When a single bacteria cell has reached a large enough size, it can reproduce asexually. Although there are no membranes that separate individual organelles in bacteria, the cell will duplicate its DNA and and special chemicals it needs to survive. The DNA exists in a single chromosome, sometimes called a genophore, which is replicated by the individual strands being separated and polymerase building new, corresponding strands. The two chromosomes are separated into individual cells, and the cells carry on their functions by creating proteins from the DNA and interacting with the environment.
A much more complicated view of chromosomes is present in eukaryotes. In eukaryotes, the DNA is replicated at the end of interphase, the part of the cell cycle in which the cell grows and functions. Much like in the prokaryotes, the DNA strands are separated and new strands are created by enzymes. However, in eukaryotes, there are multiple chromosomes. The new chromosomes remain connected at the centromere, a structure that allows microtubules to connect and holds chromosomes together. These are now known as sister chromatids because they are identical copies. These chromatids can undergo some variation during meiotic cell division, when recombination can occur.
When they separate during cell division, they are known as sister chromosomes. The sister chromosomes are separated into different gametes, or sperm and egg cells. When a sperm and egg unite, the zygote receives one sister chromosome from each parent, but because they are not identical copies of each other they are known as homologous chromosomes. In human, there are 23 homologous pairs, so humans have 46 chromosomes in each cell. When the DNA is replicated, they have 92 sister chromatids, but they are still connected so there are still only 46 chromosomes. Human gametes only have 23 chromosomes, and no homologous pairs.
- Chromatin – DNA and its associated proteins, of which chromosomes are a part.
- Sister Chromatid – The still connected copies of a chromosome, which will be separated into individual chromosomes during anaphase of mitosis or anaphase II of meiosis.
- Homologous Chromosomes – Pairs of chromosomes from separate parents that contain the same genetic information, which are separated in anaphase I of meiosis.
- Sister Chromosome – One of the two new chromosomes created during DNA replication, which are now separated from each other and will soon be in different cells.
1. A species has 6 homologous chromosome pairs in somatic, non-gamete cells. How many chromosomes are present in the gamete cells? How many homologous pairs?
A. 6 chromosomes, 6 homologous pairs
B. 12 chromosomes, 3 homologous pairs
C. 6 chromosomes, no homologous pairs
Answer to Question #1
C is correct. In a gamete, the homologous pairs have been separated, which allows the newly formed zygote to have the right amount of chromosomes, each of which will have a homologous pair. Therefore, the homologous pairs are separated in meiosis I, and the sister chromosomes are separated in meiosis II, giving each gamete the perfect amount of DNA to create half a zygote.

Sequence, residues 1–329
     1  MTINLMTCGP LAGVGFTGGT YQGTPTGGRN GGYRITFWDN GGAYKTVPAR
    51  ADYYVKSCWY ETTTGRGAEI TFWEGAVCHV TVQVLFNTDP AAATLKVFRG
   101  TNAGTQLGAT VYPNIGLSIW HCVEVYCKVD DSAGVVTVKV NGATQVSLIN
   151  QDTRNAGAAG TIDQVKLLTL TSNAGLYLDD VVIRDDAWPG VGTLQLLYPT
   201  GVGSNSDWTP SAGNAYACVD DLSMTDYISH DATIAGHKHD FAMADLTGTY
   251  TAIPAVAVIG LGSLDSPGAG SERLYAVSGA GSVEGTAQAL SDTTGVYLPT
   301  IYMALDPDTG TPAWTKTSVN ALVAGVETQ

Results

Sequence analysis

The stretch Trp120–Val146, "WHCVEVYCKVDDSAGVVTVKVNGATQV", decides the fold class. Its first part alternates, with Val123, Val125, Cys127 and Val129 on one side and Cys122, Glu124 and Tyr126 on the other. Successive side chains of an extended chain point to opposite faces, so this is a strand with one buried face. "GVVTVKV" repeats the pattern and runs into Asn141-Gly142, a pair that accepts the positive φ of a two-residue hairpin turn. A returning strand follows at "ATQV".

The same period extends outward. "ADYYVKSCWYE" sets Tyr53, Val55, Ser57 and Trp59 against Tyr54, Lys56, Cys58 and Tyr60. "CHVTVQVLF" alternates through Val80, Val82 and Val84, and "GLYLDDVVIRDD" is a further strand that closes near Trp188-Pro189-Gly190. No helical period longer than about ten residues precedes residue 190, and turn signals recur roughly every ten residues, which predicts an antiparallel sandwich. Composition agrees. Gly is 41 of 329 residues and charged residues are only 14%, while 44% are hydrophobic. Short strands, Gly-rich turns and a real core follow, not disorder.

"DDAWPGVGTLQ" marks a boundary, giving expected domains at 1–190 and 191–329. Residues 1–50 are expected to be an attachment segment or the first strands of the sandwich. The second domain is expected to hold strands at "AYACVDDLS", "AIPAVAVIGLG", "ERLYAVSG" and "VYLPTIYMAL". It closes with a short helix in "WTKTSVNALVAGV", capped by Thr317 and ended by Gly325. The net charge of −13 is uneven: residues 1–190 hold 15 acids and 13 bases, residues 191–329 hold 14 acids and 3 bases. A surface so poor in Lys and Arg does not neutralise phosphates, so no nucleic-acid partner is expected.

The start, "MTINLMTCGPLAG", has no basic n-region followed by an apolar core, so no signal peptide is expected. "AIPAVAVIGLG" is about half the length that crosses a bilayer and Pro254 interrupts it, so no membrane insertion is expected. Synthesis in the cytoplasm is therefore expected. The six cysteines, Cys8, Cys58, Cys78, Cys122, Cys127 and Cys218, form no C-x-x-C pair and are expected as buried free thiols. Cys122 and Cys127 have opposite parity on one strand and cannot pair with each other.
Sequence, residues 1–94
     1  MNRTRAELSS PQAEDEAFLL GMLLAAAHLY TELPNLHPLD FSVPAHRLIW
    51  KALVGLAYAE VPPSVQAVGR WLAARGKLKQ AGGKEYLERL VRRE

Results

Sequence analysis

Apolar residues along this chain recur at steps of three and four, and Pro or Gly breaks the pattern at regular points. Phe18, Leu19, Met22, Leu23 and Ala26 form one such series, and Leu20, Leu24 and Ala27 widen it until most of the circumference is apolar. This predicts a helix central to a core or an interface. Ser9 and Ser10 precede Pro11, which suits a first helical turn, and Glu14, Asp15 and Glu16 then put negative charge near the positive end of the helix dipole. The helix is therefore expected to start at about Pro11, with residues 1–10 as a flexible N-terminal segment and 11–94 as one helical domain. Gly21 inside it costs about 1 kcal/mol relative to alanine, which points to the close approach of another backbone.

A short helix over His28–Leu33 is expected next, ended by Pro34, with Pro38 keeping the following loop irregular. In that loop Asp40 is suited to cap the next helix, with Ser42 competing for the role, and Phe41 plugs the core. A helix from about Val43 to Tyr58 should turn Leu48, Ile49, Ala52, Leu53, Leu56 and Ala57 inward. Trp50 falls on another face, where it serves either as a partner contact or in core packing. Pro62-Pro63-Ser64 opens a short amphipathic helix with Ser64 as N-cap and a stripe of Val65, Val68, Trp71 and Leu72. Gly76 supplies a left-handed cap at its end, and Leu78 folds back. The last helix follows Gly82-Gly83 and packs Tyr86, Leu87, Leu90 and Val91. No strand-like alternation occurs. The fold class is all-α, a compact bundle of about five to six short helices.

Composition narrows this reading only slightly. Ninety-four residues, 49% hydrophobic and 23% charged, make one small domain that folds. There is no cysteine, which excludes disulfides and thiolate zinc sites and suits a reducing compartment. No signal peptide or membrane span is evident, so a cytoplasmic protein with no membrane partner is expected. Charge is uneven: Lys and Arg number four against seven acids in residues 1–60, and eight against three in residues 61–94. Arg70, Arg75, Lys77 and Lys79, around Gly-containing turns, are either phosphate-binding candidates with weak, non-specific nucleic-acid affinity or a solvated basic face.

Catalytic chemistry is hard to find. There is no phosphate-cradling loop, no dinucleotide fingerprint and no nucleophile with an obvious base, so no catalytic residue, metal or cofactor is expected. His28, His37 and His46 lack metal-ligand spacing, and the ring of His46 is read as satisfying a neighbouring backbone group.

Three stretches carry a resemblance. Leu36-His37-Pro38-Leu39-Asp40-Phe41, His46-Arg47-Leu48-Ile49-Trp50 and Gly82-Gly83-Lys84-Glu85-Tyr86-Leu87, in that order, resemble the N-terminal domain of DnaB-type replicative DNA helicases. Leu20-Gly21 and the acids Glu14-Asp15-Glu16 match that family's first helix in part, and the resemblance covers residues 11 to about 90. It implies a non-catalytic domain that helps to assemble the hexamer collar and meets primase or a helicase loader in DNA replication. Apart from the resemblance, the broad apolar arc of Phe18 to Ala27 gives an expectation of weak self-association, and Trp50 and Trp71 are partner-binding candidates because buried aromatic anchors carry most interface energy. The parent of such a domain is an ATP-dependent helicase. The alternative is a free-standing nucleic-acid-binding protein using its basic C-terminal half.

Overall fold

2. The DNA has been replicated in a cell containing 4 chromosomes. The cell is going through mitosis, and sister chromatids are being separated in anaphase. Before the cell divides, chromosomes will exist in the same cell. How many chromosomes will exist in the cell between anaphase of mitosis and cytokinesis, or cell division?
A. 4 chromosomes
B. 8 chromosomes
C. 2 chromosomes
Answer to Question #2
B is correct. Each chromosome, before anaphase consists of two sister chromosomes, bound together by proteins. During anaphase, these proteins are deactivated, and the two chromatids release each other. Once separated, they are known as sister chromosomes. Before the cell divides, it is actually one large cell, containing 8 chromosomes.
3. A student is watching cell replicate under a microscope, and recording the number of chromosomes present during different phases of the cell cycle. The organism usually has 2 homologous pairs, or 4 chromosomes in adults. The student is supposed to record a single cell before anaphase, after anaphase, after cytokinesis and during interphase. The student post the follow for their first eight results:
4 8 4 0
4 8 4 0
What is the student doing wrong?
A. Cytokinesis should have twice as many chromosomes.
B. Before anaphase should have 8 chromosomes.
C. Interphase should have 4 chromosomes.
Answer to Question #3
C is correct. Although the student cannot see the individual chromosomes during interphase, the chromosomes still exist. They just exist in a much less dense form, which makes them impossible to see, even if they are stained. The student has written 0, because it appears that the chromosomes have disappeared, but in reality there are still 4 chromosomes. At the end of interphase, they will have duplicated, but there will still be only 4 chromosomes. Each chromosome will consist of two sister chromatids.